‘Under the Constitution, the census is supposed to count everyone in the country. It is about facts, not partisanship.’
SAN FRANCISCO (June 27, 2019) — City Attorney Dennis Herrera issued the following statement after the U.S. Supreme Court today blocked the Trump administration from adding a citizenship question to the 2020 census for now. San Francisco is part of the coalition that filed the case:
“This decision is a triumph for all Americans and the rule of law. The administration’s question was designed to skew the census and undercount the population in a way that benefited Trump’s agenda, no matter the cost. As the court held, there was a ‘significant mismatch’ between the administration’s decision and its explanation for its decision, and that the explanation to the public ‘seems to have been contrived.’ That is not how a democracy is supposed to work. The law requires the administration to state the real reason for its actions, for the benefit of public scrutiny. I’m pleased the Supreme Court affirmed the trial court in preventing this attempt to add the question.”
“Under the Constitution, the census is supposed to count everyone in the country. It is about facts, not partisanship. The census is an invaluable tool that underpins our democracy. It is also used to distribute hundreds of billions of dollars in taxpayer funds for things like health care, transportation and school lunches. Millions of hardworking Americans across the country would have been hurt if the Trump administration had succeeded. I want to thank New York Attorney General Letitia James for leading this fight. I also want to thank all of those who stood with us, like the ACLU. I am proud to have been part of the coalition of cities, counties, states and advocates that stood up and defeated this cynical attack on immigrants.”
A coalition led by the State of New York that included San Francisco, five other cities, 17 states, the District of Columbia and the U.S. Conference of Mayors took the Trump administration to court on April 3, 2018 to prevent the inclusion of a citizenship question on the 2020 U.S. census that would undermine the census’ accuracy. Later, four other cities, four counties and another state joined the coalition. A number of nonprofits also sued the Trump administration over the same issue.
Since at least 1980, the Census Bureau, under both Democratic and Republican administrations, has taken the position that inquiries about citizenship on the census would jeopardize the overall accuracy of the population count, including undercounting legal immigrants in the United States.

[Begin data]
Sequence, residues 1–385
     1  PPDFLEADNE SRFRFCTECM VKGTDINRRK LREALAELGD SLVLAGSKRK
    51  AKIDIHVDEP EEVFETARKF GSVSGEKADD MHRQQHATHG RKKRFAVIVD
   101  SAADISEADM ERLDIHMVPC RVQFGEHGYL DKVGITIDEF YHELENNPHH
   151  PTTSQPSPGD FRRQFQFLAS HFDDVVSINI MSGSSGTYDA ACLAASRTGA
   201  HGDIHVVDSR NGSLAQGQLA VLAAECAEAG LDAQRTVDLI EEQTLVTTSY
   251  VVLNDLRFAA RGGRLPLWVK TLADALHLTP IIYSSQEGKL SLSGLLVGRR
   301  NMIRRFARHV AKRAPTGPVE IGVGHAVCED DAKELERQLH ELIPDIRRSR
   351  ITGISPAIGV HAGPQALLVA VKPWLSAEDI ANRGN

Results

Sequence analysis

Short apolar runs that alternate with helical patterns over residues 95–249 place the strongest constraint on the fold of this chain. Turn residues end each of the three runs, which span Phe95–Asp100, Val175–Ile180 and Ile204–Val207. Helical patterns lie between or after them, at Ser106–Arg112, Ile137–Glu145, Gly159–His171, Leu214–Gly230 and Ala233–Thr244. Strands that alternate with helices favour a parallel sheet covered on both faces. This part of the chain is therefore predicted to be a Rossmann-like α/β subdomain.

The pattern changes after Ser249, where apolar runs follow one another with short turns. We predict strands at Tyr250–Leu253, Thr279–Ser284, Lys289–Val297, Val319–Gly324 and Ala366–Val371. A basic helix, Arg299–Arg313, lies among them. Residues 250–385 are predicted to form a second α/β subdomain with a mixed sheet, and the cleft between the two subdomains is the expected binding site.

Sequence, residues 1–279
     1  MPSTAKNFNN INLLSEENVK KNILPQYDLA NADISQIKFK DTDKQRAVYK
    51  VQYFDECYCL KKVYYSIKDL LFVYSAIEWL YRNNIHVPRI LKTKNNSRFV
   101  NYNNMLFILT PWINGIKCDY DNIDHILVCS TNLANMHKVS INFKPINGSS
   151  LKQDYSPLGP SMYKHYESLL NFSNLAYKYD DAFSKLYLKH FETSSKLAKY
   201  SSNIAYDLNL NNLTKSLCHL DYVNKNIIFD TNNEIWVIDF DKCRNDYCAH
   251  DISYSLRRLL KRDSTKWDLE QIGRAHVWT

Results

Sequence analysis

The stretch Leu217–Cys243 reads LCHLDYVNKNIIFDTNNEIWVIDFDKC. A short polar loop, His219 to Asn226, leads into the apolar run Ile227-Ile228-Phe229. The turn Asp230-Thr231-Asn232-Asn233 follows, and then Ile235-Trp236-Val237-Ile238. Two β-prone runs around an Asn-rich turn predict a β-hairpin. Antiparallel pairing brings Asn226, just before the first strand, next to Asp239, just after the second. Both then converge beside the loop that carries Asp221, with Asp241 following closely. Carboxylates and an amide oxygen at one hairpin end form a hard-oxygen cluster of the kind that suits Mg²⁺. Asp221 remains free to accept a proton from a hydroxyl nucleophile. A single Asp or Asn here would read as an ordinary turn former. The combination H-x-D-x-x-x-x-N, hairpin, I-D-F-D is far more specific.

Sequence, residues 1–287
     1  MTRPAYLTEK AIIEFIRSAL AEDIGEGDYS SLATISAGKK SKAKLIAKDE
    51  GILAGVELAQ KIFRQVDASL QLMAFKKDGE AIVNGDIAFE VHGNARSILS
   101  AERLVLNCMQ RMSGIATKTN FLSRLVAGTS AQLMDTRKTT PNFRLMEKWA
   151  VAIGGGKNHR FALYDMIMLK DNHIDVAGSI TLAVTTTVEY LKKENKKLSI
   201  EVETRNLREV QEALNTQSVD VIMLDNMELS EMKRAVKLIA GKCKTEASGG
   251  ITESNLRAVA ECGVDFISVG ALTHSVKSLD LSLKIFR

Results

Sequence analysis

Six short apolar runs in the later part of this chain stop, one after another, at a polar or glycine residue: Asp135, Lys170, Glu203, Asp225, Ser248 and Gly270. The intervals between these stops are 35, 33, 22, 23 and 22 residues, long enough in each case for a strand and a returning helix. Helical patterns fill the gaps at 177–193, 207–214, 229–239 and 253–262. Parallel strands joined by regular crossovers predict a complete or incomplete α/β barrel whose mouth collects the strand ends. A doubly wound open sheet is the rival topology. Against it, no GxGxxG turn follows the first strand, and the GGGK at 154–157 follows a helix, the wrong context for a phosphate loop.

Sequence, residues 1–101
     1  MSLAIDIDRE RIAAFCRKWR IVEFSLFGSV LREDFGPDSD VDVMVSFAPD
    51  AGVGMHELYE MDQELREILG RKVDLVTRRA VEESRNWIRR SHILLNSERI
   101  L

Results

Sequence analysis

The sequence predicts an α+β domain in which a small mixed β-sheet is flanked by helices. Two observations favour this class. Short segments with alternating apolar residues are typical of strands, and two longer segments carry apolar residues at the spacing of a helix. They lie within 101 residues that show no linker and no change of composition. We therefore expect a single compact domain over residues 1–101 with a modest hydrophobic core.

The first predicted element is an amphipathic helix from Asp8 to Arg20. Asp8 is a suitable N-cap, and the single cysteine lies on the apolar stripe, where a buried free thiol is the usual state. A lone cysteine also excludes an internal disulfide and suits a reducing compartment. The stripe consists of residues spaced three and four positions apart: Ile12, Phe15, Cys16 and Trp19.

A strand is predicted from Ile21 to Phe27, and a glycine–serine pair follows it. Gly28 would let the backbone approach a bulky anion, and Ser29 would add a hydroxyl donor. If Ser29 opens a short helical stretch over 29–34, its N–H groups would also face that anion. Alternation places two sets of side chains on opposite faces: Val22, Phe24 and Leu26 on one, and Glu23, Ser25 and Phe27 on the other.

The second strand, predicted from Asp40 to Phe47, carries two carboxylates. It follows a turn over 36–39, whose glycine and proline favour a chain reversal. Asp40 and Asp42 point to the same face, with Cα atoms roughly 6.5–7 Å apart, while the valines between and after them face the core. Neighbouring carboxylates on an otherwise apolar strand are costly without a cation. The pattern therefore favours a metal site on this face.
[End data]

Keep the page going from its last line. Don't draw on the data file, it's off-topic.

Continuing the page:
The census is used to allocate seats in the House of Representatives, determine the number of electors to the Electoral College, draw state and local electoral districts, and distribute hundreds of billions of dollars in federal grant funds to states, local governments and other grantees. Federal researchers found that in fiscal year 2015 more than 130 programs used Census Bureau data to distribute more than $675 billion in funds for things like Medicaid, transportation projects, Temporary Assistance for Needy Families and the National School Lunch Program.
On Jan. 15, 2019, a federal judge in New York ruled against the Trump administration’s decision, blocking them from adding the citizenship question. The U.S. Supreme Court heard oral arguments in the case on April 23, 2019.
Plaintiffs in the lawsuit are the cities of San Francisco, New York, Chicago, Providence, Philadelphia, Seattle, Phoenix, Central Falls, Columbus and Pittsburgh; counties of Cameron, El Paso, Hidalgo and Monterey; the states of New York, Colorado, Connecticut, Delaware, Illinois, Iowa, Maryland, Massachusetts, Minnesota, New Jersey, New Mexico, North Carolina, Oregon, Pennsylvania, Rhode Island, Vermont, Virginia and Washington; the District of Columbia; and the bipartisan U.S. Conference of Mayors.
The case is: State of New York et al. v. U.S. Department of Commerce et al., U.S. District Court for the Southern District of New York case No. 1:18-cv-02921, filed April 3, 2018. Additional documentation from the case is available on the City Attorney’s website at: sfcityattorney.org.